As the Babyboomers hit 65 and start tapping into Medicare, thoughts of a different kind of future tap at our consciousness...and it is not only the specter of mortality that raises its ugly head (despite Ray Kurzweil's assurances that if we can only hang on until new interventions are invented, we may not have to die). What if our bodies outlast our minds?
Many of us are seeing our parents descend into the murky and often agitated world of Alzheimers. We watch helplessly as they slowly disappear, their personalities eclipsed by the deterioration of their brains. In the past, care for these patients often translated into restraint and medication. Today new models are emerging however.
I am very proud to have a personal connection with a leader in the field of elder care. My sister Peggy Mullan is the CEO and President of a large "nursing home" in Phoenix Arizona which is being recognized for its innovative and compassionate approach to caring for Alzheimers patients. The Beatitudes Campus was featured on the front page of the New York Times on New Years Day. The informative and inspiring article describes how The Beatitudes has pioneered a more caring and humane approach to treating patients afflicted with this disease. My favorite quote from the artice? "For God's sake, if they want bacon, we give them bacon."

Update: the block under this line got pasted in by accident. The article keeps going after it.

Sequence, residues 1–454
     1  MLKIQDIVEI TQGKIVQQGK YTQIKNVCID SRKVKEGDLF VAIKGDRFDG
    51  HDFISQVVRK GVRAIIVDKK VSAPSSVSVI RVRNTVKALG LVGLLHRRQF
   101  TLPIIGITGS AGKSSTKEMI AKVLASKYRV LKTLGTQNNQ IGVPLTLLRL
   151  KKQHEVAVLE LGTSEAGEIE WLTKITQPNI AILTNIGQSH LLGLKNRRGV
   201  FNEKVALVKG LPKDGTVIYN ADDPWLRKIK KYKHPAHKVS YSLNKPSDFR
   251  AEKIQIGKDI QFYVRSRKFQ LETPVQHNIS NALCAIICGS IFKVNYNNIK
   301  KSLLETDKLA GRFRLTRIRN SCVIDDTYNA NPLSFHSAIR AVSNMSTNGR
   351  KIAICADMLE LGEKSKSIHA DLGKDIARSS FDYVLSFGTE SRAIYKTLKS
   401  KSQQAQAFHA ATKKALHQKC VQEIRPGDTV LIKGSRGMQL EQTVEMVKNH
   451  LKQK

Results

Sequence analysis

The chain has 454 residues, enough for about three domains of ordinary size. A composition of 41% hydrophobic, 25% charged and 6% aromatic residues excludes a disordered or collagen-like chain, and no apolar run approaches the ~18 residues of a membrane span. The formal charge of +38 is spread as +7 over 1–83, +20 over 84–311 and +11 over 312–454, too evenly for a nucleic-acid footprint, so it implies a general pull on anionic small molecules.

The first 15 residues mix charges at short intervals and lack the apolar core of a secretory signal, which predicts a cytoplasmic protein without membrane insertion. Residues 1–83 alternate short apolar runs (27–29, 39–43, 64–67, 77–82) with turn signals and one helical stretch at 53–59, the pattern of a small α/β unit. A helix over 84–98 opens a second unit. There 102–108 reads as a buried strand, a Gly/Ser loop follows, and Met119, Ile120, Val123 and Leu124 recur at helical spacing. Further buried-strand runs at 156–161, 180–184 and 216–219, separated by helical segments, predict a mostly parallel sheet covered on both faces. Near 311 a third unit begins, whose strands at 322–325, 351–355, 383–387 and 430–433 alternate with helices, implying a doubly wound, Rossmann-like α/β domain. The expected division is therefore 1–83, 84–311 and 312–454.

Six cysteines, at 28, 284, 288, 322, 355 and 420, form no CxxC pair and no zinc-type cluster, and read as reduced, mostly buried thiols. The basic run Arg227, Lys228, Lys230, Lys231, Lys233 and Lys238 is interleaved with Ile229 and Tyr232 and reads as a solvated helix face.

You can hear more about the Beatitudes this coming Tuesday, January 11, 2011 (1/11/11!) when Peggy is interviewed on NPR's Here and Now Program. The interview will be streamed live at 11:00 Mountain Time. If you miss the original broadcast, PRI offers podcasts.